In the 1989 science fiction film Back to the Future II, the character Biff uses a 50-year sports almanac of future outcomes to gamble his way to wealth and power. In doing so, he created a world that appeared lawless, filthy, and materialistic.
Is sports betting, especially online, leading our nation down a similar path?
It’s almost impossible to follow a professional sport or even a college sport online without being graced with opportunities to place a bet.
ESPN, the leading sports media company, offers odds for all professional and collegiate games on its website. It also offers support for fantasy sports and gives information and tips to fantasy athletes. The CBS Sports and Fox Sports websites offer similar information and opportunities.
Sports bettors lure people in with offers of free bets to win their business. However, there is no “free lunch” in any type of gambling, and anything offered as “free” gives the companies a positive net return or they would not offer it.
Sports betting companies are profitable not by picking teams that win games, but by balancing the bets on each team. When bets of $100,000 are placed on each team in a game, their profit is made up of the spread taken from the winners. If they even the bets in each game, they emerge victorious. This requires them to manipulate the points given to the underdog to maintain that balance and increase their winnings.
For the majority of the population, gambling receives little attention or is used for casual entertainment. Still, such people cannot increase betting volume to keep online sports betting companies in business and profitable. What is needed are gambling addicts who gamble frequently.
The mission of the National Council on Problem Gambling is to mitigate the harm caused by gambling. In the United States, there are on the order of 10 million Americans with gambling addiction, or about 4 percent of the adult population. Online sports bettors have a vested interest in increasing this number by encouraging young people, particularly young men in college, to gamble. Creating a culture that normalizes sports betting will nurture a generation of potential gambling addicts.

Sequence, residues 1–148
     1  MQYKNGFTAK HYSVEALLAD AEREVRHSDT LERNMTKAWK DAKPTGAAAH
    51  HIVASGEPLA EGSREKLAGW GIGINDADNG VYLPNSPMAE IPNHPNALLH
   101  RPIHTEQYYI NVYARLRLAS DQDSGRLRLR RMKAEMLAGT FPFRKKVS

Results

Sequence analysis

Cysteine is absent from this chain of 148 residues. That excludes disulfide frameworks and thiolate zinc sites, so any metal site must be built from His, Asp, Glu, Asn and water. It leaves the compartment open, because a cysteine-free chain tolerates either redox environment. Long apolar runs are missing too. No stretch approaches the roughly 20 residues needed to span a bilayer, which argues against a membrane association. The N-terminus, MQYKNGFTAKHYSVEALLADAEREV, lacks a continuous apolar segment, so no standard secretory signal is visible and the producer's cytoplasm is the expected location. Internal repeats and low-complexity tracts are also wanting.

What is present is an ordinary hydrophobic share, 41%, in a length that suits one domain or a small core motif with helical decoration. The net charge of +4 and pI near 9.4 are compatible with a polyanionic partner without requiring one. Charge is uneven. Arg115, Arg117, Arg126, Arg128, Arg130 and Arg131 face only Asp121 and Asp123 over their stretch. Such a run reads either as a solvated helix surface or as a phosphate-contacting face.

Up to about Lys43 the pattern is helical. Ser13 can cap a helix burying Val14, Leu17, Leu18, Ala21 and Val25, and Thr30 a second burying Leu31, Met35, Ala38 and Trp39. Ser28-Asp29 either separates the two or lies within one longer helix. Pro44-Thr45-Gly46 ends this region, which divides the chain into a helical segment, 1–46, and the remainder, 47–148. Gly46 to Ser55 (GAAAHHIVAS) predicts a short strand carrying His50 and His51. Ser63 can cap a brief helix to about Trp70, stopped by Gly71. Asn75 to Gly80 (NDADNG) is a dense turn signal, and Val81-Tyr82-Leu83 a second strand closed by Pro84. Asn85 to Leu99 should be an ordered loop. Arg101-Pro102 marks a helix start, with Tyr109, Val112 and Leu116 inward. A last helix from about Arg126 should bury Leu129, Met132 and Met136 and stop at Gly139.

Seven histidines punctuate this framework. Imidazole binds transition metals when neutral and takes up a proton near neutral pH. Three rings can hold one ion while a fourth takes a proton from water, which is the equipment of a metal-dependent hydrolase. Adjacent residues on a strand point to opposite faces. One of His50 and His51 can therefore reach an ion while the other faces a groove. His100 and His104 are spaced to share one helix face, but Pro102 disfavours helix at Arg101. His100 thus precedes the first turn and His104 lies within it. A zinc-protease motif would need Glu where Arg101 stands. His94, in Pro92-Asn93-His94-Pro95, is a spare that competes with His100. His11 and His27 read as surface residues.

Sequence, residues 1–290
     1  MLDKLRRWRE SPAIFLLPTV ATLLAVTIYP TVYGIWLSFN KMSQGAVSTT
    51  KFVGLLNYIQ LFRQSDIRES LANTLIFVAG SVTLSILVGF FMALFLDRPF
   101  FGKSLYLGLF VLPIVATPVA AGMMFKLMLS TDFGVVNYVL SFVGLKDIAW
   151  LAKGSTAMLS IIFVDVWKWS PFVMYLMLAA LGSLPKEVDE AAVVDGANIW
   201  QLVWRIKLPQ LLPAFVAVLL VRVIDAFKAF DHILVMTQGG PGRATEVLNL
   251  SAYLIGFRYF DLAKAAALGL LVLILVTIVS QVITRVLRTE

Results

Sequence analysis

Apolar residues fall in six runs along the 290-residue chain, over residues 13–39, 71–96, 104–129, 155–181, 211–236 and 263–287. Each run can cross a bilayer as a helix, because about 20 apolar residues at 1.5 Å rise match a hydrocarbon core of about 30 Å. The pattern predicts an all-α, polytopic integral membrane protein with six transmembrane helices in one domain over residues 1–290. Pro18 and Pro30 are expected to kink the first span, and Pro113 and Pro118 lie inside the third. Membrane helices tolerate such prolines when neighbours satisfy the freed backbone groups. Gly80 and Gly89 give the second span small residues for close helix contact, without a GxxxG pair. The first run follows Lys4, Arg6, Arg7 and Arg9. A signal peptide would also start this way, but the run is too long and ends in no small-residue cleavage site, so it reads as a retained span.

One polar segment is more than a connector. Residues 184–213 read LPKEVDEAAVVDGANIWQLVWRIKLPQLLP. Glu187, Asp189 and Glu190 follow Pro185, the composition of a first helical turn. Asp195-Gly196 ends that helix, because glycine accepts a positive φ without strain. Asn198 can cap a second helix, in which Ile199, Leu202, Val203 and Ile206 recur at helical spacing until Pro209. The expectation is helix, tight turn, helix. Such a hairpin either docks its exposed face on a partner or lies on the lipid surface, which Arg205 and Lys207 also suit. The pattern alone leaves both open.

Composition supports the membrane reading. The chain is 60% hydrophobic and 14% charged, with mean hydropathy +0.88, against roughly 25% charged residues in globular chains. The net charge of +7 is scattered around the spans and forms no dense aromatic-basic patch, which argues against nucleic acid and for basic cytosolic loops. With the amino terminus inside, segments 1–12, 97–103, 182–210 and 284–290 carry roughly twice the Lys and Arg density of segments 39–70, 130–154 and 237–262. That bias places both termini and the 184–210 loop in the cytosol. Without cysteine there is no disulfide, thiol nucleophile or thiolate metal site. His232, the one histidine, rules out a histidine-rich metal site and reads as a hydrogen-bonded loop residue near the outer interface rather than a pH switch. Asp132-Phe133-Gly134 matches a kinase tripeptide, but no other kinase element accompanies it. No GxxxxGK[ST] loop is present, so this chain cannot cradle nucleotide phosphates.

Gambling companies support publicly responsible gaming. But such support rings hollow when sent to people with gambling addictions.
Colleges working with online sportsbooks are part of the problem.
In 2020, PointsBet partnered with the University of Colorado. Their five-year contract creates bridges between the two entities and gives the company visibility on campus when recruiting potential employees. This is something other companies are looking for. The problem is that PointsBet’s business is gambling, making their presence on campus an easy transition to being the sportsbook of choice at the university and even the state.
In December 2021, SportsBet initiated a marketing agreement with the University of Maryland, although state legislatures are working to end such an agreement.
In contrast, FanDuel takes a different approach by not partnering with college campuses. You also protect yourself from legal liability in the event of future lawsuits.
Online sports betting has become ubiquitous. The ease with which bets can be placed using smartphones makes them accessible 24/7 to anyone interested. This means that gambling addicts have the “drug of choice”, namely bets, available around the clock.
Is there a solution?
Legislation won’t work. Some states have attempted to limit what can be played online. Unfortunately, such efforts are like using an umbrella in a hurricane.
Any solution must come from the online sports betting providers themselves. Expecting personal restraint from gambling addicts is not only unrealistic, it is also naïve.
Given the huge profit potential at their disposal, online sportsbooks are unlikely to take such action on a large scale. The position that FanDuel has taken is a step in the right direction.
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What is needed is a consortium for such companies in which they can act as one. Although Americans with gambling addictions find other ways to satisfy their addiction, online sportsbooks can at least create headwinds for such behavior.
Without such efforts, the world Biff created could become the future that serves nobody’s best interests.
Sheldon H. Jacobson, Ph.D., is a professor of computer science at the University of Illinois Urbana-Champaign. As a data scientist, he applies his expertise in data-driven risk-based decision making to assess and inform public policy. He is also the founder of the Bracketodds website, a STEM learning lab at the university.
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